JUST like its cool blue colour and name suggest, aquamarine evokes the beauty of the ocean. Translucent and beautifully sparkling, it’s no wonder ancient Romans believed aquamarine was the sacred gem of Neptune, the god of the sea. In fact, the name “aquamarine” comes from the Latin for “water” and “sea”.
According to astrology, aquamarine is aligned with the star sign of Pisces. Therefore it is also considered the birthstone for March. Aquamarines appear in many historical texts as a cure for ailments, including tired eyes, sore throats and of course, seasickness. Their colour is also said to magically inspire creativity and courage. In ancient times sailors would wear aquamarine amulets as protection from the stormy seas.
The blue cousin of the emerald
Aquamarine belongs to the beryl mineral family, which also includes emerald. But while emeralds are green and fairly small, the aquamarine gets its blue hues from iron trace elements and occurs as big crystals. Brazilian aquamarines are particularly large and have an almost glass-like purity.
Aquamarines can range from a clear light greenish-blue to an opaque dark blue. Although crystals with intense blue colour are considered more valuable, most people seek the lighter green-blue stones because of their unique sparkle.
From Princess Diana to the Oscars
Aquamarine has been used widely and creatively through the ages, from seamen’s talismans to haute jewellery. In recent times it’s notably been seen in British, Dutch and Danish crown jewellery and on Cate Blanchett‘s huge bib necklace at the 2015 Oscars. Princess Diana famously wore an aquamarine ring after becoming newly single in 1996.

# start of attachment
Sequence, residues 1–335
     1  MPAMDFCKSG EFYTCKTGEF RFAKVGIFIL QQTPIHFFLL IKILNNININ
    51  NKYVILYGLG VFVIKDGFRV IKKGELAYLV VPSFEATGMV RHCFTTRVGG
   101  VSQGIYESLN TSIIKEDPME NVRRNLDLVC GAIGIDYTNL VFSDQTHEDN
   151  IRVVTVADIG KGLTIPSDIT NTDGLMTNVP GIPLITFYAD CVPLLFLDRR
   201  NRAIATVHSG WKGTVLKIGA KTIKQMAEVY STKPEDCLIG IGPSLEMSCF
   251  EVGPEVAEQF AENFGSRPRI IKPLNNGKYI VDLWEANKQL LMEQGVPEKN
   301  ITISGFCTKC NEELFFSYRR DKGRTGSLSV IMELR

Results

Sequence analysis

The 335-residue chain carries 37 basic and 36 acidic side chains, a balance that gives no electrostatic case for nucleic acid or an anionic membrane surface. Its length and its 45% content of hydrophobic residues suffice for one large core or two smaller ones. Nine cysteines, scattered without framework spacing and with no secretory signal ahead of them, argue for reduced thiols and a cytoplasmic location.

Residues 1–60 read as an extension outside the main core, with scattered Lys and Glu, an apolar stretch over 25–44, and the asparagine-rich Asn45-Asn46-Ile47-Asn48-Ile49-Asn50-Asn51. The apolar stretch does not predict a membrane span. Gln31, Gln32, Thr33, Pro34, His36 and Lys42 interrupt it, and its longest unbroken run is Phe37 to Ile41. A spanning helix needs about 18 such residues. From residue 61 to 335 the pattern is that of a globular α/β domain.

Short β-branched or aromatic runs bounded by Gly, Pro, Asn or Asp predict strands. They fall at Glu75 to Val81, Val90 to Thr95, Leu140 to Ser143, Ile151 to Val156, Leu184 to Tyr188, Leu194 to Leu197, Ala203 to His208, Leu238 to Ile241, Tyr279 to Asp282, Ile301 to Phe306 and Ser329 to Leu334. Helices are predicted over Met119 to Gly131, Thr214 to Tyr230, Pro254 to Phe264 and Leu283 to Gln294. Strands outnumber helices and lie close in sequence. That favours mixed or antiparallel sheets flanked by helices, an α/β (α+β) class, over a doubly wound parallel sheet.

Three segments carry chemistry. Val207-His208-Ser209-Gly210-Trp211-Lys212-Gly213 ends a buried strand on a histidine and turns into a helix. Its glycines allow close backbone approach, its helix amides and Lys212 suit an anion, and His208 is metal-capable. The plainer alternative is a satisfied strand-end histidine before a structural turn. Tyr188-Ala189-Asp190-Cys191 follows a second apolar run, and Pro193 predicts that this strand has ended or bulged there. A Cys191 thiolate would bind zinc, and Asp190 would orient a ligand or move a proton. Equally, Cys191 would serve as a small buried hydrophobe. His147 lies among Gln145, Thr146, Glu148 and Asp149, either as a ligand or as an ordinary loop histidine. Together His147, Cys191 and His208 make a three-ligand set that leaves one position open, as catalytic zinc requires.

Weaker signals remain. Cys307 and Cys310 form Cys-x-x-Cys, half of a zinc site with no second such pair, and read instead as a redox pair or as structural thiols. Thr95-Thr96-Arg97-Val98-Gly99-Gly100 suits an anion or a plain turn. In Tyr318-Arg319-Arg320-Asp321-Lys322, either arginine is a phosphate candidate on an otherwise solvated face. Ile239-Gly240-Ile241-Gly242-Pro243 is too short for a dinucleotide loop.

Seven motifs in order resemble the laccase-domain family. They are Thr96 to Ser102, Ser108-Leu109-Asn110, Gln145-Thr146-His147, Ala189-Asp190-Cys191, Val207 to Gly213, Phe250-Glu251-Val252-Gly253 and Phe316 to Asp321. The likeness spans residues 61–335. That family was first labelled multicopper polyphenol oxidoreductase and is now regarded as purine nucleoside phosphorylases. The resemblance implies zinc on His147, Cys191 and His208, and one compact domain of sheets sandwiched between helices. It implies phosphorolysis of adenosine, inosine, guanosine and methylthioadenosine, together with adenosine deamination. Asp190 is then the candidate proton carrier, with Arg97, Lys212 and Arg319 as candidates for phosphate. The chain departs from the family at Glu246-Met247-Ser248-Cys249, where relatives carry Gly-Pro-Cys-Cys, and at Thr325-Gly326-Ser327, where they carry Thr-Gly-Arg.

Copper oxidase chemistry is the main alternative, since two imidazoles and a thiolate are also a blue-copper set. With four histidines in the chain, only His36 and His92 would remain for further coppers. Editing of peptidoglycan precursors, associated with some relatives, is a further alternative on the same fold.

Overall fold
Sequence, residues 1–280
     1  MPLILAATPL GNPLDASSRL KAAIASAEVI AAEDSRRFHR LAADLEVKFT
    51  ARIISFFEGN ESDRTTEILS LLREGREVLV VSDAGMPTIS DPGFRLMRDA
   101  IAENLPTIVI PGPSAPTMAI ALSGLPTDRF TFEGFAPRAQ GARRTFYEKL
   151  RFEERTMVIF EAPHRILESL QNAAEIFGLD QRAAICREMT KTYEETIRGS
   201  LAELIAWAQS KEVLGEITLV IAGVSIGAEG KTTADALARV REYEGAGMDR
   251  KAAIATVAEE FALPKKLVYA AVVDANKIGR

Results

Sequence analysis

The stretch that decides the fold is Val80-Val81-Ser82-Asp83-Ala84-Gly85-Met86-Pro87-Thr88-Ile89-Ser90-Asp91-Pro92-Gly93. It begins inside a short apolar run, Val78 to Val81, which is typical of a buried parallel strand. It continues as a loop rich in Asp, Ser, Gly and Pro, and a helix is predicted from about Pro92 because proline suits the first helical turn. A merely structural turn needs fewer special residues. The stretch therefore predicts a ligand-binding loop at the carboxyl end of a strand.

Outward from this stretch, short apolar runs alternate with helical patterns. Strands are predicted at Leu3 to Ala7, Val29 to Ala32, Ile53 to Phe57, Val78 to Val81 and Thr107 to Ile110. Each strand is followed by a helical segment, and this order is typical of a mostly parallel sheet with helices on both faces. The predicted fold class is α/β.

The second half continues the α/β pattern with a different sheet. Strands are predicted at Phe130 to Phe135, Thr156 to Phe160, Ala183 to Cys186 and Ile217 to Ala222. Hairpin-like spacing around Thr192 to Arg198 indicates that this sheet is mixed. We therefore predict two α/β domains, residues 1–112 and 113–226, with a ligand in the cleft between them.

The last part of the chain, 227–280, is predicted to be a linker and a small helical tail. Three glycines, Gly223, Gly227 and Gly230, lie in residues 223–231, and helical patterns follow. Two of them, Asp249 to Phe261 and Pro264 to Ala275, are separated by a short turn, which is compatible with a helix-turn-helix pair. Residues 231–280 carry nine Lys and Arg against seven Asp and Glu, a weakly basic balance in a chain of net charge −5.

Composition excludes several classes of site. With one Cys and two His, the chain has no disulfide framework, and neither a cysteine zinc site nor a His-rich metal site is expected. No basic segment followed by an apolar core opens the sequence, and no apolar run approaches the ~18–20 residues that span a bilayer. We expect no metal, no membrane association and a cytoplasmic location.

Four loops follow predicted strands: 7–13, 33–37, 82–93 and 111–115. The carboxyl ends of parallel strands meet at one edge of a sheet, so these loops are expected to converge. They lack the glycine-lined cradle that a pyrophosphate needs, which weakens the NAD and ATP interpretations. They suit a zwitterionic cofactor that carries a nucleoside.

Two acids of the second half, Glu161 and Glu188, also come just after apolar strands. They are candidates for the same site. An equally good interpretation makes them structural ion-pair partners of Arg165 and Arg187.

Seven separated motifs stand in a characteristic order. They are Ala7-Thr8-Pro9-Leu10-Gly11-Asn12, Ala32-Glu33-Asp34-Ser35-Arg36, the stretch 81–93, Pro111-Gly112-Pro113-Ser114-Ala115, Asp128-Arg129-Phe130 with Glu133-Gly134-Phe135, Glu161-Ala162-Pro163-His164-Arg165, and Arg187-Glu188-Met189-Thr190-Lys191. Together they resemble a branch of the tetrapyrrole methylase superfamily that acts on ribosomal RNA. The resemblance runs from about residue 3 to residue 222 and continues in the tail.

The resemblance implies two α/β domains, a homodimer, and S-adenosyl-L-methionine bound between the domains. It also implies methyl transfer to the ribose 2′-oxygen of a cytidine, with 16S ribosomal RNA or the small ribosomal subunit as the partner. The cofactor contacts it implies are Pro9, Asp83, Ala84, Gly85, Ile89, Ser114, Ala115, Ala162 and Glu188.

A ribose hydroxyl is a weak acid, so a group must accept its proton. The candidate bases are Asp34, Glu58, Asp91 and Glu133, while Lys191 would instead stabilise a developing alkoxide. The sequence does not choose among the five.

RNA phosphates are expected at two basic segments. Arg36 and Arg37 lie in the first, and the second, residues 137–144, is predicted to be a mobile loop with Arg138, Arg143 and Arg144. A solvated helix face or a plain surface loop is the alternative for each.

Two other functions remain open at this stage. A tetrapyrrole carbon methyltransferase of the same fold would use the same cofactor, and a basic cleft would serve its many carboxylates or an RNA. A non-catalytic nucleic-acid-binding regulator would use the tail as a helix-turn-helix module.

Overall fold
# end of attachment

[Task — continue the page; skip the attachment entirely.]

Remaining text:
Where on Earth?
The best aquamarines in the world come from Brazil, although the gem is also mined on the African and Asian continents. The beautiful Brazilian provinces of Minas Gerais, Espirito Santo and Bahia have mines that produce the most vividly blue, pure beryl. The Brazilian gem trade is conflict-free and the government restricts mechanised mining to protect the environment.
What to look for in aquamarine jewellery
Some gems are judged more by their colour, and some are more valued for their clarity. With aquamarines, it’s important to strike a good balance between the two. Our gemmologist recommends you look for an aquamarine with:
- No visible impurities
- Vivid colour, whether lighter or darker
- A skilful cut that makes it sparkle
Why buy aquamarine?
Aquamarines give diamonds a run for their money, because of their showstopping sparkle and because they suit almost any complexion. In terms of price, high-grade aquamarine is more expensive than blue topaz, but it’s not as dear as emeralds. This makes it affordable as well as beautiful, perfect for adding value, excitement and meaning to your jewellery collection – especially if it’s your birthstone.
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